The legacy of electronic dance music is built upon ideals of togetherness, inclusion, and joy. For women looking to work as DJs or producers in the industry, these ideals fail to uplift them in practice. Directed by Stacey Lee, the documentary Underplayed focuses on the struggles and breakthroughs of women in the electronic music industry, including DJs, producers, and engineers. There are a variety of interviews with current artists like Alison Wonderland, Rezz, Tokimonsta, and Sherelle. This combination of personal narratives and analysis of systemic injustices highlights the mental, physical, and economic toll sexism has on women in music.

Focusing on less public facing women (engineers, producers) allows Underplayed to explore topics often ignored in favour of flashy stories about the rise and fall of a celebrity. For viewers without much knowledge of music history, Lee does a great job at presenting the pivotal roles women like Delia Derbyshire, Clara Rockmore, and Daphne Oram played in the development of electronic music and technology. It is invigorating to learn more about how important women are in the history of music, yet hard to come to terms with the impact it has on girls to be systematically kept from engaging with their history. As with any medium of art, feeling a part of a lineage of artists is inspiring and creates a sense of existing in an artistic dialogue. By denying girls the opportunity to learn about the history of women in school, especially women artists, the narrative that there aren’t women in the arts is continually perpetuated despite being a blatant lie. Beyond “You can’t be what you can’t see,” girls grow up with a sense of creating in isolation instead of being able to understand their role in a shared, evolving history.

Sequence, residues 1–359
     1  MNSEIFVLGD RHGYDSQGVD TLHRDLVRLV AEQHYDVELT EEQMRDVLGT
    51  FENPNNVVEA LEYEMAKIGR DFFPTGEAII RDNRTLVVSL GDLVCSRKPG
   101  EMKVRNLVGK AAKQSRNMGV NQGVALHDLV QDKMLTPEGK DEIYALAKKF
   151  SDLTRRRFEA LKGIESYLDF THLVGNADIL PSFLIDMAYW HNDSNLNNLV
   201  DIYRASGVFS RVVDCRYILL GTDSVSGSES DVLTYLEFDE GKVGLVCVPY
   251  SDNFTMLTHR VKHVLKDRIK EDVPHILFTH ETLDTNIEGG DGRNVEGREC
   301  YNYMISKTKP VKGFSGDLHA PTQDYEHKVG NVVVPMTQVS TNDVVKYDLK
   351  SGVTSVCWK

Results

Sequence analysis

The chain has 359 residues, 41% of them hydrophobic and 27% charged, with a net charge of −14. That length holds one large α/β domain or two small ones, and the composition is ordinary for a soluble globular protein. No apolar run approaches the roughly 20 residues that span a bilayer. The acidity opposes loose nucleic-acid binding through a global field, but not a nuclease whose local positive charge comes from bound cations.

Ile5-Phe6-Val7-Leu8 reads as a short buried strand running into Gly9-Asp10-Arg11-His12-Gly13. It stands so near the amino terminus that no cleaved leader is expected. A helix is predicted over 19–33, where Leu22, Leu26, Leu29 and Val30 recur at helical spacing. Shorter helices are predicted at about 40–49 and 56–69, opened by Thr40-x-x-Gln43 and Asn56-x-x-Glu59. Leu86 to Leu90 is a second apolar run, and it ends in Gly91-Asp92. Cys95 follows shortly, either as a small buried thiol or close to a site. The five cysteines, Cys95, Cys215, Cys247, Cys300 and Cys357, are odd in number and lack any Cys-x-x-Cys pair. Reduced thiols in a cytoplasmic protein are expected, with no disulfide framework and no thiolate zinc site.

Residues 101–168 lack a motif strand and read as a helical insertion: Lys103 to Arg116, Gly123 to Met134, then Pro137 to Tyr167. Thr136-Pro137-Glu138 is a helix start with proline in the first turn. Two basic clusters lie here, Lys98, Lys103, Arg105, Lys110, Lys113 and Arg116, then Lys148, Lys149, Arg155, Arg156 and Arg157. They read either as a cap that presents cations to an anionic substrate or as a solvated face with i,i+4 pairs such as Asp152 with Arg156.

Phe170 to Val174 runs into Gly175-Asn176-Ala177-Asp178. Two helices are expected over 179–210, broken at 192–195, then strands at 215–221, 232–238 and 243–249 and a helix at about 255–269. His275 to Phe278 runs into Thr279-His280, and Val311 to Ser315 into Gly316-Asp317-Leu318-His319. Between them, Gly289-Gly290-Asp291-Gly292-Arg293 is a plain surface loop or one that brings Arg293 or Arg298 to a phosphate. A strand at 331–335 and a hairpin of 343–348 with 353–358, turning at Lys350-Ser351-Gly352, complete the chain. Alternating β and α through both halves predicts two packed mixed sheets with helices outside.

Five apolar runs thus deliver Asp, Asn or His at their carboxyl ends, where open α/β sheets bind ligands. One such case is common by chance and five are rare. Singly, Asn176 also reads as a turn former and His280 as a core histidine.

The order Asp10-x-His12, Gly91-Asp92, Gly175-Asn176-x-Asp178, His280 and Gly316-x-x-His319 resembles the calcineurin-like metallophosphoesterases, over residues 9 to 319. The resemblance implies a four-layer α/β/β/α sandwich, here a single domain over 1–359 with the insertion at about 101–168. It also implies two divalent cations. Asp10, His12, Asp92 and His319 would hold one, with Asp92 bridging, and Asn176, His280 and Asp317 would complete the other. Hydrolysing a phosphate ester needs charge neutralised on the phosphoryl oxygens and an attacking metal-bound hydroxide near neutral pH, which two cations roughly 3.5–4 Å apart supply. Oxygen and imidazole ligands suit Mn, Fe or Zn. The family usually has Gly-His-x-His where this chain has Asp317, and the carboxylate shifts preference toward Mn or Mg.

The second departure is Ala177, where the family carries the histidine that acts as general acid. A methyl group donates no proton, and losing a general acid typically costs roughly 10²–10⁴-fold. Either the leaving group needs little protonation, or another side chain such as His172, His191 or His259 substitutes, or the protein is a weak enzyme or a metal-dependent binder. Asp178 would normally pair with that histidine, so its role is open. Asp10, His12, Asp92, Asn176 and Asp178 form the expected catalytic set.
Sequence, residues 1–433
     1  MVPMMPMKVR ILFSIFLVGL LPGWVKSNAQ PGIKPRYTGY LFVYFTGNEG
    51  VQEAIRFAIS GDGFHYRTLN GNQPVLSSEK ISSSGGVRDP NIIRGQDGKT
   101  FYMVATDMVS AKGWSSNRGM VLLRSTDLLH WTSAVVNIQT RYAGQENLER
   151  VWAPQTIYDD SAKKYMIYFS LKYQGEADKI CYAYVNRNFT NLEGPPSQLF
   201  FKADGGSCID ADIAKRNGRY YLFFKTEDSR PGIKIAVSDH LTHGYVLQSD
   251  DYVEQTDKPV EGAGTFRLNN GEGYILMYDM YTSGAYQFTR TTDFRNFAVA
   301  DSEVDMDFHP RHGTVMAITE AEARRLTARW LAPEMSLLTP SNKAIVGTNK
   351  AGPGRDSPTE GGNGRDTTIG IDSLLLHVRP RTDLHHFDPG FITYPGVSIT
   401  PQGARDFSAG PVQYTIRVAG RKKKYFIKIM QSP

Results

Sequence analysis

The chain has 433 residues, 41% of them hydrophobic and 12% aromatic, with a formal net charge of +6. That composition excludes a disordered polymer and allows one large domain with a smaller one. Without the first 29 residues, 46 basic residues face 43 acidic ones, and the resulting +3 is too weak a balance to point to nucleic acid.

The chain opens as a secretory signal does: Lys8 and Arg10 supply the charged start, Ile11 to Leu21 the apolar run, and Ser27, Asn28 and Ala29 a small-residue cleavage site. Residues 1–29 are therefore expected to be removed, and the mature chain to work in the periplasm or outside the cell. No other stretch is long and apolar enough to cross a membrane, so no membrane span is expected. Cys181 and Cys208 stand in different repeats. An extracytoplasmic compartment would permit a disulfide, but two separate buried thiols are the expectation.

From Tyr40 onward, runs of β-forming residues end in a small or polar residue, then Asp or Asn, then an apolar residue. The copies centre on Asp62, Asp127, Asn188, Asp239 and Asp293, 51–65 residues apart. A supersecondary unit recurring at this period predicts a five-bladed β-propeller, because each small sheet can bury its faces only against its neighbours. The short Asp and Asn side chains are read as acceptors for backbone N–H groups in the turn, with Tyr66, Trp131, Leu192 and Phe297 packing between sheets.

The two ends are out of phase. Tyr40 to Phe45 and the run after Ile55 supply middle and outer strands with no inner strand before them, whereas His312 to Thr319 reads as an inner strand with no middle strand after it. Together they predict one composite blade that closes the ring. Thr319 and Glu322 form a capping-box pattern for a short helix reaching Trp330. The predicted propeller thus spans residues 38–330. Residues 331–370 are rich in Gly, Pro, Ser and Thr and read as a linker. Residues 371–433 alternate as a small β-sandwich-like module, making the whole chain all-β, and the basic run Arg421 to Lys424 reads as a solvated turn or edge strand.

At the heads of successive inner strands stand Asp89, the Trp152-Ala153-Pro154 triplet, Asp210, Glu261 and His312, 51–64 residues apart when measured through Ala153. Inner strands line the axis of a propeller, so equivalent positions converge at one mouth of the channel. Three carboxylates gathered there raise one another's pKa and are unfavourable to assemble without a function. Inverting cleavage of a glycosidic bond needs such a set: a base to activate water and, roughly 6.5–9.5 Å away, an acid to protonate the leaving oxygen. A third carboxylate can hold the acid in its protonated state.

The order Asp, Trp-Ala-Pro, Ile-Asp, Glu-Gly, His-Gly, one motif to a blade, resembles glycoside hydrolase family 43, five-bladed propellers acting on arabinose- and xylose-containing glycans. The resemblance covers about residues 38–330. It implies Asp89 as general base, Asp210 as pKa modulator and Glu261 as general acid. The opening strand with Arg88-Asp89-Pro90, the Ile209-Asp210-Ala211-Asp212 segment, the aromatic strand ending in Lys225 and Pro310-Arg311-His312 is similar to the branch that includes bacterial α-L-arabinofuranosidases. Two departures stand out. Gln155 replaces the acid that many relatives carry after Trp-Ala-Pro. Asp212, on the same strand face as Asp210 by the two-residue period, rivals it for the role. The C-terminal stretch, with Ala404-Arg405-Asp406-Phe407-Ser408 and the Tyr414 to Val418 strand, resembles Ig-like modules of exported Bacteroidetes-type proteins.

Because electronic music relies heavily on technical skills, the importance of education is repeatedly emphasized. As girls are discouraged from learning how to use technical equipment from a young age, many feel too far behind their male peers which often stops them from pursuing a career in engineering or producing. Lee’s focus on education and technical careers in the industry is the most effective way the documentary addresses systemic issues. Rezz’s and Alison Wonderland’s personal stories speak to being self taught and the anxiety and depression that stems from touring and dealing with sexist comments online. 

While all these personal narratives serve the audience by introducing them to more artists, the documentary jumps between too many topics and narratives without diving deeply into a single one of them. However, this does not seem contradictory to Lee’s vision for the film. Because electronic music is not widely understood as an industry or culture, bringing viewers into different aspects of that world is more engaging for the average person than an in-depth exploration of music contracts. For fans of the genre, Lee truly respects the individual styles of each artist featured to ensure they don’t become a monolith. Booking festivals and contracts are discussed, yet not in a way that feels effective for imagining a way forward. Speaking about the issues is one thing, but putting forth solutions is an entirely different project. Underplayed exists between the two. Executives and journalists appear to speak concretely about issues of discrimination related to touring and booking festivals, yet the documentary does not break down the power structures within these festivals.